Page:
Assignment: Theory–Practice Gap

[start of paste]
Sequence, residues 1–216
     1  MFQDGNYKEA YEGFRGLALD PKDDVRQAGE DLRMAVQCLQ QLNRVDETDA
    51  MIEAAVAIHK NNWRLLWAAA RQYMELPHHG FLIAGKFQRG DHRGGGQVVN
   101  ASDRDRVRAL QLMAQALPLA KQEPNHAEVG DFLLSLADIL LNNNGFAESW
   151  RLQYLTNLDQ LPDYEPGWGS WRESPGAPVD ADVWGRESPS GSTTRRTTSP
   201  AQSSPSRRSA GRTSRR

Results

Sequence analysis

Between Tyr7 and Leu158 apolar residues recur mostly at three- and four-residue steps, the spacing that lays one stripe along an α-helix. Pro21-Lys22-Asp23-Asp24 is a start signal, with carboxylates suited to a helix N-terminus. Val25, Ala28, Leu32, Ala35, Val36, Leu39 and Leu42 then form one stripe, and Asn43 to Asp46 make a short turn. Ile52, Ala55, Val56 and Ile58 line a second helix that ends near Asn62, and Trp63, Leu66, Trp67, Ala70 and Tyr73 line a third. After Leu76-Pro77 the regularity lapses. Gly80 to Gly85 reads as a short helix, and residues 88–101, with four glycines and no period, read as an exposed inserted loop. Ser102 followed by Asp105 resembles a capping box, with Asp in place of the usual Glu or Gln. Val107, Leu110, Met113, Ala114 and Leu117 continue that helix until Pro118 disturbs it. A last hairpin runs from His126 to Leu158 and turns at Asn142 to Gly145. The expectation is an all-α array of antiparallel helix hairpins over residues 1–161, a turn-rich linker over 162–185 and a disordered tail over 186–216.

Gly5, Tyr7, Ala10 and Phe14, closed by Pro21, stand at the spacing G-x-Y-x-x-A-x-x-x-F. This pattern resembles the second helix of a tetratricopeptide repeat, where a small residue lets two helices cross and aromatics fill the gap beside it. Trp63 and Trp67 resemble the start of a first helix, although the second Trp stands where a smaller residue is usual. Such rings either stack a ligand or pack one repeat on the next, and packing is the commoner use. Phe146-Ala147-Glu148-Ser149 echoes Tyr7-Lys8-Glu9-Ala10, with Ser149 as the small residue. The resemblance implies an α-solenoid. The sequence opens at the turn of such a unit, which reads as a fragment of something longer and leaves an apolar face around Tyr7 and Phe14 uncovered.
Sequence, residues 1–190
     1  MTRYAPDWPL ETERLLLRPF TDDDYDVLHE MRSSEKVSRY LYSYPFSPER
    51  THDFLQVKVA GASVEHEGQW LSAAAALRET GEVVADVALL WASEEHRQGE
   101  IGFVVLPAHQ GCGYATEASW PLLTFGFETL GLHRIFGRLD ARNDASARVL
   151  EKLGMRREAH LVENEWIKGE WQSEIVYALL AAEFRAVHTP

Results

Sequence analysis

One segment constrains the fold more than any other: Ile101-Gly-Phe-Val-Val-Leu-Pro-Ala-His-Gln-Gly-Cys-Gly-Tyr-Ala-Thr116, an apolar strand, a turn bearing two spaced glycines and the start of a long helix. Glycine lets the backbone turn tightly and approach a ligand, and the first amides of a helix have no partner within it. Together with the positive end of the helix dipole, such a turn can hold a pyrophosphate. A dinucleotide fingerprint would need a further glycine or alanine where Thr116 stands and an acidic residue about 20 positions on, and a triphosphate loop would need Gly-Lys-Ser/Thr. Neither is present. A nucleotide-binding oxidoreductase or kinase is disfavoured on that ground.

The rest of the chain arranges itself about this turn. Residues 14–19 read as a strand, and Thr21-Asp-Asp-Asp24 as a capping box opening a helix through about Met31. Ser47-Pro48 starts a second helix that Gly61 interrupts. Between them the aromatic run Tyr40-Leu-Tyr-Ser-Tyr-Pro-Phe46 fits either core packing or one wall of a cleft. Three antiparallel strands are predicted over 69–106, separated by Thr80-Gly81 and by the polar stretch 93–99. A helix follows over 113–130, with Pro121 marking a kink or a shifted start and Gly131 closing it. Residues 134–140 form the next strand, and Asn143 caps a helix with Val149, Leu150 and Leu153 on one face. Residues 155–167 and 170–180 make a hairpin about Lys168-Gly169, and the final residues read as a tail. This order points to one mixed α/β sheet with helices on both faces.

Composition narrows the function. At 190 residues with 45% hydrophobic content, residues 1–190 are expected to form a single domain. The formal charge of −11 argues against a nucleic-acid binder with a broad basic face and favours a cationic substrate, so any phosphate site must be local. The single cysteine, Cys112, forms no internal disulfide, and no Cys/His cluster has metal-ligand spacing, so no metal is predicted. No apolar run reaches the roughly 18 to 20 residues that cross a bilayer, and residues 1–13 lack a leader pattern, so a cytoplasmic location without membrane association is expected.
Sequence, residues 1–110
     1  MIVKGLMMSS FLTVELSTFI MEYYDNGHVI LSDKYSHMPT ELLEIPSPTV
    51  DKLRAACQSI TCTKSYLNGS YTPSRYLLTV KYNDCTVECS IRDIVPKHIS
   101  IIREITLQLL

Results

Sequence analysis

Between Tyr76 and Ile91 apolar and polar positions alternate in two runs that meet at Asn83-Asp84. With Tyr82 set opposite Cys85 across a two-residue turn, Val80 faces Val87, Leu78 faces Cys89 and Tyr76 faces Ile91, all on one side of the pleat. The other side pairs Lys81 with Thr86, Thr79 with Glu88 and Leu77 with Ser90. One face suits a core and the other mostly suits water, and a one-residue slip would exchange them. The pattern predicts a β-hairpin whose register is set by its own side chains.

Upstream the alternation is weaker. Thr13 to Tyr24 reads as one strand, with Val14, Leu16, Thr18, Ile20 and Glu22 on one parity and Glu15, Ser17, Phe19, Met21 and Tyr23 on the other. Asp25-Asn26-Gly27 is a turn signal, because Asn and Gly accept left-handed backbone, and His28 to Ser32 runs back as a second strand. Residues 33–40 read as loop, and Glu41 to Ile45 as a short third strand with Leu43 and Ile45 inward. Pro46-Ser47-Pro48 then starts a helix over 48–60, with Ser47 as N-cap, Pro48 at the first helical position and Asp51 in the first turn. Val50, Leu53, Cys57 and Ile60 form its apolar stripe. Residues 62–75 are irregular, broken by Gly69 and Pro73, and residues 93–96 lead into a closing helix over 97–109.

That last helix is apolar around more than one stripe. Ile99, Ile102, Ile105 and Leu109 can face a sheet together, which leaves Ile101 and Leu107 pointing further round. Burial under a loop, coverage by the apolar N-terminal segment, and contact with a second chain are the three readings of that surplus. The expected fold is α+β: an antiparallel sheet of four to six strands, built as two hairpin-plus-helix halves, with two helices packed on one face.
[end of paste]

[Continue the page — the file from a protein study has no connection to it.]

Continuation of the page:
Assignment: Theory–Practice Gap ORDER NOW FOR CUSTOMIZED AND ORIGINAL ESSAY PAPERS ON Assignment: Theory–Practice Gap Fundamentals of Nursing Models, Theories, and Practice discusses the theory-practice gap in detail in many chapters. As you’ve read throughout the course, there is ongoing discussion about the connection between theory and practice, and the application in day-to-day nursing activities. This assignment is designed to illustrate that although there may be a gap, other factors play an important role in decision-making and each aspect of theory, research, and practice experience are integral to well-rounded patient care. Assignment: Theory–Practice Gap Read: Fundamentals of Nursing Models, Theories, and Practice and review Figure 1.4 Correlation: education, science and practice. (Included as attachment) Think of a scenario in which theory, research, and practice interact to create good patient outcomes. Create a visual representation of the theory-practice relationship or gap by replacing the text in the Theory-Practice Gap Diagram template. (Included as an attachment) Write a minimum of 525- to 700-word narrative explanation of your visual representation following the diagram. Describe the chosen theory, research, and practice guideline or standard. Explain the relationship between the three and discuss the role each plays in quality patient care in the scenario. Explain any gaps, such as a lack of research, no practice standard, or no useable theory. Determine the best course of action for making decisions in the absence of one aspect. Include documentation of the practice guideline or standard, and your corresponding research, evidence, or literature example. Cite your research and practice guidelines in-text and on the references page at the end of the template. attachment_1 attachment_2 Key Concepts 1.1 1) Phenomenon: something that you experience through your senses 2) Concept: a name given to a phenomenon Proposition: a statement that links concepts together different types of relationships 3) Assumption: something that you take for granted even though it has not been proved or tested From these exercises you will hopefully be able to understand some of the definitions that exist to explain nursing theory. For example, Dickoff and James (1968: 105) defined nursing theory as a ‘conceptual system or framework’ whereas Chinn and Jacobs (1979: 2) saw theory as ‘an internally consistent body of relational statements about phenomena which is useful for prediction and control’. Chinn & Jacobs later developed the definition further. The more recent definition is more complex (Chinn & Jacobs 1987), but you should understand its meaning: ‘a set of concepts, definitions and propositions that project a systematic view of phenomena by designating specific interrelationships among concepts for the purpose of describing, explaining, predicting or controlling the phenomenon’. The definition highlights the content, context and function of the theory, pointing to the construction of a theory (concepts, definitions and propositions) and the interrelationships between theory elements and functions of a theory (describing, explaining and predicting). It is important to note here that this description is close to the original meaning of the term ‘theory’. It is derived from the Ancient Greek term theoria , meaning a spectacle, i.e. something that is witnessed – in other words, a phenomenon! Another definition, this time by Im and Meleis (1999: 11), drew attention to a theory as something that is purposefully structured: ‘an organised , coherent and systematic articulation of a set of statements related to significant questions in a discipline that are communicated in a meaningful whole to describe or explain a phenomenon or a set of phenomena’. This clearly states that the theory is a body of knowledge of nursing, and provides answers to questions that are of interest to nursing. However, more recently, Chinn and Kramer (2008: 219) defined theory as ‘a creative and rigorous structuring of ideas that project a tentative, purposeful, and systematic view of phenomena’. Earlier in this chapter, we wrote that theories may reflect fact or, indeed, be totally untrue. When a theory is tested many times and stands up to that test, in theoretical language it is beginning to take on the shape of a law. Theofanidis and Fountouki (2008: 16) stated that a theory can be defined as ‘a statement representing a law waiting to happen’. For example, let us say a theory of skin integrity led nurses to turn bed-bound patients once every two hours to prevent pressure ulcers. If this was consistently tested through research and found to be true then the theory could be taking on law-like properties. According to these various definitions, a nursing theory is constructed out of specific nursing phenomena represented as concepts, definitions, assumptions and propositions that help describe, explain or predict how nursing may support and help patients, families or society Get a 10 % discount on an order above $ 100 Use the following coupon code : NURSING10

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